|Professional, Scientific and Technical Services||692||748||728||719||704||766||812||841||29||3.6%|
|Other Services (Except Public Administration)||417||415||421||408||418||426||431||441||10||2.3%|
|Health Care and Social Services||609||600||627||618||636||700||762||776||14||1.8%|
|Accommodation and Food Services||202||209||208||218||222||236||231||233||2||0.9%|
|Transportation and Warehousing||715||714||744||717||733||788||803||797||-6||-0.7%|
|Arts, Entertainment and Recreation||238||241||264||290||255||244||263||249||-14||-5.3%|
|Real Estate and Rental and Leasing||597||587||597||570||594||657||697||651||-46||-6.6%|
Source: U.S. Bureau of Labor Statistics and Indiana Department of Workforce Development
A majority of the industry sectors in 2014 (13 out of 18) experienced positive increases in weekly wages ranging from 0.9 percent to 17.0 percent. Five of these sectors had increases of 5 percent or more: utilities (17.0 percent), management of companies and enterprises (14.7 percent), wholesale trade (9.1 percent), finance and insurance (7.6 percent), and educational services (6.8 percent).
Five sectors saw a decline in average weekly wages in 2013: manufacturing; transportation and warehousing; real estate and rental and leasing; arts, entertainment and recreation; and public administration.
The inflation rate between the first quarters of 2013 and 2014 was 1.2 percent, so workers in over half of the sectors experienced real wage growth over this period.4
After declining 53 percent in 2013, the number of residential building permits continued to drop in 2014. Permits fell from 22 issued in 2013 to only 12 new permits in 2014—a 45 percent decline (see Table 4).
Table 4: Delaware County Year-to-Date Residential Building Permits
Note: Each year is based on January through August totals.
Source: U.S. Census Bureau
There were mixed results in the residential real estate market in 2013. On the positive side, the average number of days on the market decreased from 144 in 2013 to 103 in 2014—the lowest amount since before 2005. Also, the average sale price increased by over $9,000 to $94,839—the greatest it has been since 2007. However, over 100 fewer units were sold in 2014 compared to 2013 (see Table 5).
Table 5: Year-to-Date Residential Real Estate Sales in Delaware County
|Average Days on Market||119||131||128||145||155||130||146||134||144||103|
|Average Sale Price||$101,891||$98,230||$92,596||$91,632||$90,628||$85,084||$85,957||$92,213||$85,592||$94,839|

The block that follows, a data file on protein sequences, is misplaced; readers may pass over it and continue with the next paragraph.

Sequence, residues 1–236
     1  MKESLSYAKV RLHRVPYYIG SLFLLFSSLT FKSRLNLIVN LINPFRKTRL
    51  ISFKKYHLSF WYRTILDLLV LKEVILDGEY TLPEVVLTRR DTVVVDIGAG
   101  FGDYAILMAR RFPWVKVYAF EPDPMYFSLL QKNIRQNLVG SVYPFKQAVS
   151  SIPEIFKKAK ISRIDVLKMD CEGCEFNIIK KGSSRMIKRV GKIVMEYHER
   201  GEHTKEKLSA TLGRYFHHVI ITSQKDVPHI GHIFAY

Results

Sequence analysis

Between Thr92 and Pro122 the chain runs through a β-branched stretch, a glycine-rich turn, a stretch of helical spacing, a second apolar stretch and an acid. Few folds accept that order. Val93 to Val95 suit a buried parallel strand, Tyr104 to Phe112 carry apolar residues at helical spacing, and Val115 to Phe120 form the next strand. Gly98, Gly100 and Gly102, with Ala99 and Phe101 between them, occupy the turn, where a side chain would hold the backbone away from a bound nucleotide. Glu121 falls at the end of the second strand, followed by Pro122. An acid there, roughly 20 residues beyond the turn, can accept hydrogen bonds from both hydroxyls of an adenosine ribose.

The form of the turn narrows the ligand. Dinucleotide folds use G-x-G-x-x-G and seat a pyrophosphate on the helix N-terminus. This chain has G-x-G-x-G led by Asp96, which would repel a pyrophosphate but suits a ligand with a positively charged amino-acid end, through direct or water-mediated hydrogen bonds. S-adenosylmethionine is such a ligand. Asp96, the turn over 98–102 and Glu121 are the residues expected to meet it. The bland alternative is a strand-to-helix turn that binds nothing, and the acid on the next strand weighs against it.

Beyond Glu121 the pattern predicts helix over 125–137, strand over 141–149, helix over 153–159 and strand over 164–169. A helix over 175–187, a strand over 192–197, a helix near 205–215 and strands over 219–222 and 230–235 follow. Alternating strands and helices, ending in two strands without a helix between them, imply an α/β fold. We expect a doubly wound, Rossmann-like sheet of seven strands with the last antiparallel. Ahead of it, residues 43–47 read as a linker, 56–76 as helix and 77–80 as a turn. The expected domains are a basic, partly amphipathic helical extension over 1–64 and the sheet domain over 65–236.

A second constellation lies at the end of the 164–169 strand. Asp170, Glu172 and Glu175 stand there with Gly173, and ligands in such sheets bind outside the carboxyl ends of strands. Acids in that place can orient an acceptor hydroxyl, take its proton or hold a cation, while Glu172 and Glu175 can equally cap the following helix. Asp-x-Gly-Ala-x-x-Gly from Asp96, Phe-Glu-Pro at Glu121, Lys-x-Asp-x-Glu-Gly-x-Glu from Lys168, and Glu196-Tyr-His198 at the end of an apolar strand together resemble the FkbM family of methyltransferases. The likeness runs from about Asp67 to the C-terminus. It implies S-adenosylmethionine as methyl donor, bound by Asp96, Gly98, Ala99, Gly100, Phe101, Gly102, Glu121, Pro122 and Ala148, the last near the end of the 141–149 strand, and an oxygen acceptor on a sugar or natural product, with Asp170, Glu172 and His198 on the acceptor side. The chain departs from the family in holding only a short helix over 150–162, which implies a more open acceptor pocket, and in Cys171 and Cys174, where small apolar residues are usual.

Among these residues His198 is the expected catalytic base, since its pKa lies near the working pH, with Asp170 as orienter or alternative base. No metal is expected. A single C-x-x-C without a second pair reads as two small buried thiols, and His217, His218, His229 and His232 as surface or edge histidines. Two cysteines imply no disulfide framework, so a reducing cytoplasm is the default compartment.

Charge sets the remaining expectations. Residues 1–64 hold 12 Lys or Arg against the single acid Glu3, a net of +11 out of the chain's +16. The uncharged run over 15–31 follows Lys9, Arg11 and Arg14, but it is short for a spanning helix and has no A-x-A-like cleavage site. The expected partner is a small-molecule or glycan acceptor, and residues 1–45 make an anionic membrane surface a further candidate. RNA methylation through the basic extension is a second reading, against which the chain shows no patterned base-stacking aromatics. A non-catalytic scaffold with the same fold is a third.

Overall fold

|Median Sale Price||$80,650||$80,000||$79,900||$75,500||$76,750||$69,950||$72,900||$79,900||$72,905||$80,000|
|Average Property Tax/Average Sales Price||1.20%||1.18%||1.30%||1.71%||1.54%||1.47%||1.16%||1.28%||1.15%||1.58%|
Note: Each year is based on January through September data.
Source: Jim Kouns with the Mid-Eastern Indiana Association of Realtors (MEIAR)
Social Safety Net
The dollar amount of food stamps issued decreased after five consecutive years of increase (see Table 6). Delaware County issued an average of $2.5 million per month in food stamps in 2014. This is an 8.5 percent decrease since 2013, and the least amount issued since 2010. The number of food stamp recipients and number of households receiving food stamps also decreased in 2014, but was still greater than 2012 numbers.
Table 6: Food Stamp Recipients in Delaware County
|Year||Food Stamps Issued in Average Month||Food Stamp Recipients in Average Month||Number of Households Receiving Food Stamps in Average Month|
Note: Each year is based on January through September monthly averages. Dollar amounts are not adjusted for inflation.
Source: STATS Indiana, using Family and Social Services Administration data
The past year actually showed higher employment gains than expected, although most of the job growth was in the government sector rather than the private sector. The coming year is likely to show employment growth in retail and leisure and hospitality. The increasing labor force indicates that discouraged workers are beginning to look for jobs. There were also decreases in the number of food stamp recipients and payments for the first time since the Great Recession.
In the coming year, we expect additional gains in employment (1.5 percent) and income (in the 2-3 percent range) as the local economy continues its recovery.5
- K. Roysdon, “Hometown Hit: Marsh Closing Two Muncie Stores,” The Star Press, January 10, 2014. K. Roysdon, “Jarden Move Takes 100 Jobs from Daleville to Fishers,” The Star Press, July 12, 2014. K. Roysdon, “Muncie’s Last Kmart to Close,” The Star Press, September 23, 2014. K. Roysdon, “Muncie Packager Laying Off Half Its Workforce,” The Star Press, August 16, 2014.
- “S. Slabaugh, “BZA OK’s Bell Aquaculture $30 Million Fish Farm Expansion in Albany by 4-3 Vote,” The Star Press, March 28, 2014. K. Roysdon, “New Hotel: Work Begins, Groundbreaking Set,” The Star Press, October 7, 2014. T. L. Moyer, “Anderson, Muncie and New Castle Uniting for the Future,” Herald Bulletin, October 11, 2014.
- S. Slabaugh, “$7 Million Downtown Muncie Apartment Project OK’d,” The Star Press, April 6, 2014. K. Roysdon, “Lofts at Roberts Ready to Open in Downtown Muncie,” The Star Press, April 8, 2014. K. Roysdon, “Huge Village Project Wants to Be ‘Good Neighbor’,” The Star Press, October 4, 2014.
- This is the inflation rate for the Midwest region using the CPI for all urban consumers.
- Forecast comes from the Indiana University Center for Econometric Model Research, as of August 2014.